Looking ahead, Lennar is moving into a mid-cycle stage where it sees its growth moderating a bit from 15% to 20% down to 7% to 10% as it harvests its strong land position. However, this pivot should drive up it is cash flow generation as it spends less to acquire land. That strategic shift, as well as the company's focus on creating operational efficiencies, should drive profit growth in the years to come.
Image source: Getty Images.
Cementing its future position
While Eagle Materials is not the largest construction materials company, it does offer investors diversification into two key building products: Cement and wallboards. Cement is a widely used building material for sidewalks, foundations, and driveways, while gypsum wallboard is the most commonly used product for interior walls and ceilings. Demand for both products should continue to grow along with the construction market.
That certainly has been the case in recent quarters, with Eagle Materials' cement business reporting record operating earnings due to rising cement prices thanks to robust demand. The company is particularly bullish on cement these days, which is why it recently spent $400 million to acquire a cement plant in Ohio to boost its annual capacity by 20%. Meanwhile, its gypsum wallboard and paperboard segment benefited from rising prices and sales volume during the quarter. It sees both trends continuing due to the general strengthening of the construction market.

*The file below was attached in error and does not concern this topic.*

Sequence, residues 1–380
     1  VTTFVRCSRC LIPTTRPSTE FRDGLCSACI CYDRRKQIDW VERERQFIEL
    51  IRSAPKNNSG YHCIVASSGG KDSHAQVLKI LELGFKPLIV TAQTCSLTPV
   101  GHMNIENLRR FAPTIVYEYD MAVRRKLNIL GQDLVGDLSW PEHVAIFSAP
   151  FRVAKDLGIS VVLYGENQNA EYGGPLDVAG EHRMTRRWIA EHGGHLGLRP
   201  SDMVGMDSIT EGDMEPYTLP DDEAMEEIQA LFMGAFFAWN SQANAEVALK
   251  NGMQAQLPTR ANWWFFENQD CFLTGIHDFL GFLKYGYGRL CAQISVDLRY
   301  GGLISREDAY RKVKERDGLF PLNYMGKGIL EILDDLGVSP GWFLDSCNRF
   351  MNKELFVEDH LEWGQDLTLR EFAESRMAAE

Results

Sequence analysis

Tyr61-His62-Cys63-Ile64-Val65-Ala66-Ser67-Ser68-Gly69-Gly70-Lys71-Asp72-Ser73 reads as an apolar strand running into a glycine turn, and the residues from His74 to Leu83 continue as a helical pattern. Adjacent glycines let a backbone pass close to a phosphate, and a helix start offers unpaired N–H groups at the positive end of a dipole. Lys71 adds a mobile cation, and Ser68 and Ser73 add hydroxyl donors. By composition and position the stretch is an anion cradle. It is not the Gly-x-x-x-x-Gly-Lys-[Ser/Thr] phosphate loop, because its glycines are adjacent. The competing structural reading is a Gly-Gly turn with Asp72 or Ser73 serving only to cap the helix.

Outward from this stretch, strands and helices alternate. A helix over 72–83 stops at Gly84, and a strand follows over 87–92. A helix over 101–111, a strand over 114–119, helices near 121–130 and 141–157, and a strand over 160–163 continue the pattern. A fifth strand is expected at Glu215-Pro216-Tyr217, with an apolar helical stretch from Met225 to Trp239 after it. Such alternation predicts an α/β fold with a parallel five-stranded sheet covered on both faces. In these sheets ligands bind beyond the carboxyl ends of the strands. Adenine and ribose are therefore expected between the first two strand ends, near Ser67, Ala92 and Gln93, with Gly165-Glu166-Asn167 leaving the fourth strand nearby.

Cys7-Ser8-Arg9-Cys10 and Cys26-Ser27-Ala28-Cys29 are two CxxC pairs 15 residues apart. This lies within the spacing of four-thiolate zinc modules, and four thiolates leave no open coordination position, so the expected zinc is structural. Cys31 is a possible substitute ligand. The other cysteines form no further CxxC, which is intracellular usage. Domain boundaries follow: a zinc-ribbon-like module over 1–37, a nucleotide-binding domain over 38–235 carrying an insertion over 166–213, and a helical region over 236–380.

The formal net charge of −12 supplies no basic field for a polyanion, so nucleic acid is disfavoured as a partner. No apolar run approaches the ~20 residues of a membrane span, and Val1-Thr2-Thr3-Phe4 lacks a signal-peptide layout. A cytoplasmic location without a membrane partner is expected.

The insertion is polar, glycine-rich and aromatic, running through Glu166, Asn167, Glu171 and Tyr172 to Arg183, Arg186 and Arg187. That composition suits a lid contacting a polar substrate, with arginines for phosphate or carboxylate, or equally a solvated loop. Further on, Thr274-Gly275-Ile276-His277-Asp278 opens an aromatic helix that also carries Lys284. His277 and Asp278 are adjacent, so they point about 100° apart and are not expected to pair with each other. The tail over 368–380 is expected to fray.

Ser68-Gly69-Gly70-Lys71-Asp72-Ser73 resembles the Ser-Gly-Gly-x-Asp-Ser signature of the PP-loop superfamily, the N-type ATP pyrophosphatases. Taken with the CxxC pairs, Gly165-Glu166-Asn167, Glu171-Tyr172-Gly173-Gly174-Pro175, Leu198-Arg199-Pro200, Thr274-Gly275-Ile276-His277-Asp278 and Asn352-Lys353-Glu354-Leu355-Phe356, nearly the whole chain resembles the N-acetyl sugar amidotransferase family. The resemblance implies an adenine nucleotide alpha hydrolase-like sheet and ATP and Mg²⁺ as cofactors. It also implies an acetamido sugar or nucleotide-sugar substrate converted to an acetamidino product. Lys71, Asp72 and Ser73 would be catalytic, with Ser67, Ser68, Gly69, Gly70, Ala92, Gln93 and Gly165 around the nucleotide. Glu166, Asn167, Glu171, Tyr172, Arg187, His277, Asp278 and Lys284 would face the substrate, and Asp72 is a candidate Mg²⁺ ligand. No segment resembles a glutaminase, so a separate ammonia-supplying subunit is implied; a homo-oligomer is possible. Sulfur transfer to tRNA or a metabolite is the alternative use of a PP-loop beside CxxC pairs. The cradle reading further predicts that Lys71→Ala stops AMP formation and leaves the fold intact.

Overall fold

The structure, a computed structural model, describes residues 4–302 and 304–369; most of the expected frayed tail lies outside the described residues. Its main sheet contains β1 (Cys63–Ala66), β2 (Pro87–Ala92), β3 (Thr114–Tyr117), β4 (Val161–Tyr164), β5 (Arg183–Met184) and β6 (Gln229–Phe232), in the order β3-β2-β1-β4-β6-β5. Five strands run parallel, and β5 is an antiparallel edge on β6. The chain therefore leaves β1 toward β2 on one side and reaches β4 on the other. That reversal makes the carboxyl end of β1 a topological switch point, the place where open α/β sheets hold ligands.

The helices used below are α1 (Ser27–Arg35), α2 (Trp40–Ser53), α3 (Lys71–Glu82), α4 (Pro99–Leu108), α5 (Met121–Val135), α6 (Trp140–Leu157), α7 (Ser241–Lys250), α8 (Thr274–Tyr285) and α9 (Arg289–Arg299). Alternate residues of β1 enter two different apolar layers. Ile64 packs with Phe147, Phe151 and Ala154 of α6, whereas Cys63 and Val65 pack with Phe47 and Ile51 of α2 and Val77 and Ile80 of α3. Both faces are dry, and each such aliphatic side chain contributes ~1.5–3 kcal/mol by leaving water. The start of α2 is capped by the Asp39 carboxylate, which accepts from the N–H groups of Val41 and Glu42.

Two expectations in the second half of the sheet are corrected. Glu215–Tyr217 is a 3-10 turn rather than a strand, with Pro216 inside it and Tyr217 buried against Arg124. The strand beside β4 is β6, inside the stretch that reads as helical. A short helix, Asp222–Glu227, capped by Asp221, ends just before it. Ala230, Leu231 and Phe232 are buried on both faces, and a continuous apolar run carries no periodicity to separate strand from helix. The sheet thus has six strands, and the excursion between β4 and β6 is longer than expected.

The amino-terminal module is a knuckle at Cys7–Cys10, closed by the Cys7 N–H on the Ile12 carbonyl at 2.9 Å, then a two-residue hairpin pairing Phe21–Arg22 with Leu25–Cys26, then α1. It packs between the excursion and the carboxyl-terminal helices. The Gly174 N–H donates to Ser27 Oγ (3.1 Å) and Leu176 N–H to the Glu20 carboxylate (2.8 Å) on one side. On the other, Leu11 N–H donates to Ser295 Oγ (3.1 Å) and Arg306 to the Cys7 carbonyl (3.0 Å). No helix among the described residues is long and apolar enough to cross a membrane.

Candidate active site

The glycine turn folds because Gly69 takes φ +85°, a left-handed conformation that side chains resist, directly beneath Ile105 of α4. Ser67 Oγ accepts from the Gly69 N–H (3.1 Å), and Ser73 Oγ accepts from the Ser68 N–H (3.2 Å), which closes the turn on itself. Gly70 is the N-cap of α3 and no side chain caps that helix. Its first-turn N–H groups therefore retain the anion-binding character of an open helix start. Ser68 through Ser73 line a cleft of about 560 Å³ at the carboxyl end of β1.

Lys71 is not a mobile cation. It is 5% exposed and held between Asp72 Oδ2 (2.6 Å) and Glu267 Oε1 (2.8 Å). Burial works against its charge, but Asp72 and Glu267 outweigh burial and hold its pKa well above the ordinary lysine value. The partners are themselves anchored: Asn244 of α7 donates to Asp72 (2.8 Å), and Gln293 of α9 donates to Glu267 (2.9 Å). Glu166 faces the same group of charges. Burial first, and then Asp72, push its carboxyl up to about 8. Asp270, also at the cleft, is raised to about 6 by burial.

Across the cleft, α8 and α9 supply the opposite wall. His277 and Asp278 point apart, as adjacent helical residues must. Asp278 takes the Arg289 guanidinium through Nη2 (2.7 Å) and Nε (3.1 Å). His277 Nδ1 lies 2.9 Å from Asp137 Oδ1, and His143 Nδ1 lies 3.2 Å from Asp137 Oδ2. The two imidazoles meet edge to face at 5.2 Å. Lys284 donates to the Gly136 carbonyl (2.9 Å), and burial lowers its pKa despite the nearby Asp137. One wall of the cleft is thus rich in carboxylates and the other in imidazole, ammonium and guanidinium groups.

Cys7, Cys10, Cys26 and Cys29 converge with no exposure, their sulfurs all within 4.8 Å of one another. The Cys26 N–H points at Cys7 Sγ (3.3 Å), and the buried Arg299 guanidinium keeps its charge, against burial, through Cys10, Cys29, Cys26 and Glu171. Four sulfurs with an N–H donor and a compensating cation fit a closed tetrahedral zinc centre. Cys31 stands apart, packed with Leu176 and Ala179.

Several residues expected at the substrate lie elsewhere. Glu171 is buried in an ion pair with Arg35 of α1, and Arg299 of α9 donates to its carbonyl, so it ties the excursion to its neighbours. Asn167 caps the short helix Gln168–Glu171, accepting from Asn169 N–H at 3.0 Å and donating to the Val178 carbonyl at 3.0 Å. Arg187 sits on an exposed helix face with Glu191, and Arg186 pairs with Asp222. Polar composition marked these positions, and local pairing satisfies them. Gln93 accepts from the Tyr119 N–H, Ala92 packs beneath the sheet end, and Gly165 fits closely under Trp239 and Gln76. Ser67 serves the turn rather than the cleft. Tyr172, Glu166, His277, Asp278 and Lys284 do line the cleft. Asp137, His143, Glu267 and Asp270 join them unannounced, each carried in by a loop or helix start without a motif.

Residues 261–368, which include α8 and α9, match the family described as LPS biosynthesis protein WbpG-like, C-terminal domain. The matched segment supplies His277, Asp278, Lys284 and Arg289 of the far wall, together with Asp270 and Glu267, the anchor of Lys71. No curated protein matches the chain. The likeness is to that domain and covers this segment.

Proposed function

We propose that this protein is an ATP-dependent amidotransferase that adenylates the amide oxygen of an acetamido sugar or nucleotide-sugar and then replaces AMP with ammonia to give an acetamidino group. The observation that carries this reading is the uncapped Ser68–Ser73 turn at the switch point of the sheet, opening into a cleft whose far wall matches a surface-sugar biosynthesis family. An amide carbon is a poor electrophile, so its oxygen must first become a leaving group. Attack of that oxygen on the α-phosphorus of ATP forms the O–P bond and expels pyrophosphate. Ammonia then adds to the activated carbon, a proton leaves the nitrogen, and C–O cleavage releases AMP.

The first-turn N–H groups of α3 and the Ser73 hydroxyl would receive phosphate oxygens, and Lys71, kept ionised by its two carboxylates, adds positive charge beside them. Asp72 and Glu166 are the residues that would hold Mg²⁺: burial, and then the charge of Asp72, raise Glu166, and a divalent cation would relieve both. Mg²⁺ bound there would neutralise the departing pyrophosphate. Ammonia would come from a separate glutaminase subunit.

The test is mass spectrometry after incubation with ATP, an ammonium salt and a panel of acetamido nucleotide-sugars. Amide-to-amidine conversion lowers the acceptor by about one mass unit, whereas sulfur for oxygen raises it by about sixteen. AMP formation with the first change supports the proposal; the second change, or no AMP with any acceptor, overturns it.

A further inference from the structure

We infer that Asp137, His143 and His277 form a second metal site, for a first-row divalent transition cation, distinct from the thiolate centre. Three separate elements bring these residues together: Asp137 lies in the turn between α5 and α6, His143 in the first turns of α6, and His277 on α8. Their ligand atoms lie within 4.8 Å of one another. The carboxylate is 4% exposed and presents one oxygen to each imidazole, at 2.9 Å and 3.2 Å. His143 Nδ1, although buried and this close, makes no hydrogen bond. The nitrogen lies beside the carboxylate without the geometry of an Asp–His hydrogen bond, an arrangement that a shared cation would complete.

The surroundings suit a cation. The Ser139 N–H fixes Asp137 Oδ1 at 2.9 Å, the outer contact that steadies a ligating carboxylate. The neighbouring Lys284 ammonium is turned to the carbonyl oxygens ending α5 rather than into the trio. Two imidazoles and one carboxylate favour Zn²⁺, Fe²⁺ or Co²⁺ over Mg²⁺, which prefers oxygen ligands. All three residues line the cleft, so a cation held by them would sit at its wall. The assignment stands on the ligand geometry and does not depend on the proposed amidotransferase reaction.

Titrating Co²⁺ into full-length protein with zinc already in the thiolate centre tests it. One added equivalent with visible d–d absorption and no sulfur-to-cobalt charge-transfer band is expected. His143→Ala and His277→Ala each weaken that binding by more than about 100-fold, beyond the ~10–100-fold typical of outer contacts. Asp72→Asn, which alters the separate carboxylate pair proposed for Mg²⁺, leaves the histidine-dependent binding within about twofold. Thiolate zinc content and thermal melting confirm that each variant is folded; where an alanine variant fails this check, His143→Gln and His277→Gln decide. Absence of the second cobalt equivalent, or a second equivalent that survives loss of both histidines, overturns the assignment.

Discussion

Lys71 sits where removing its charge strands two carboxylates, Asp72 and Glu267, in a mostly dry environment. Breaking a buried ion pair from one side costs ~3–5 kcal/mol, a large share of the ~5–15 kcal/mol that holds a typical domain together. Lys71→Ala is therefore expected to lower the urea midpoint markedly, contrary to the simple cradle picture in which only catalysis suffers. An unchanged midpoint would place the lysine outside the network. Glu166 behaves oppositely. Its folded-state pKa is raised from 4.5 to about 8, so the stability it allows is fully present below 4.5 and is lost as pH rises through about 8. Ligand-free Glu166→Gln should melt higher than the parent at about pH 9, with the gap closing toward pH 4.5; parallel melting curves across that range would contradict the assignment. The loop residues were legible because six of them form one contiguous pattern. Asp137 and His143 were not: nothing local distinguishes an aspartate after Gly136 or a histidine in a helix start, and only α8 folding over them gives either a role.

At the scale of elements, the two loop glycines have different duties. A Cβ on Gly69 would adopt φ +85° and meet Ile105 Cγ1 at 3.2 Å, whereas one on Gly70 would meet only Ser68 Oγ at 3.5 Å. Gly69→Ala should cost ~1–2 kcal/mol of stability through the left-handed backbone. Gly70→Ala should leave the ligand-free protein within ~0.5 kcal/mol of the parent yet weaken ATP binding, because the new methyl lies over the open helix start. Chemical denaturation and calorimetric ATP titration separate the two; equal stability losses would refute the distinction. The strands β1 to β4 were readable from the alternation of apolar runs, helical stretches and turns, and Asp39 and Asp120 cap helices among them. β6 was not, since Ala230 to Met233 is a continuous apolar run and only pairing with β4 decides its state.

While the residential construction market has improved since the financial crisis, America still isn't building enough houses to meet long-term demand. That means construction activity should continue growing, which should drive demand for building materials like wood, cement, and wallboard, as well as for tools. Meanwhile, top home builders should also win because they will need to build more houses, which they should be able to sell at higher prices, therefore capturing higher profits. Suffice it to say, a portfolio of top construction stocks should do very well in an improving construction market.
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Matt DiLallo owns shares of PulteGroup and Weyerhaeuser and has the following options: short April 2017 $20 calls on PulteGroup and short April 2017 $30 puts on Weyerhaeuser. The Motley Fool recommends Eagle Materials. Try any of our Foolish newsletter services free for 30 days. We Fools may not all hold the same opinions, but we all believe that considering a diverse range of insights makes us better investors. The Motley Fool has a disclosure policy.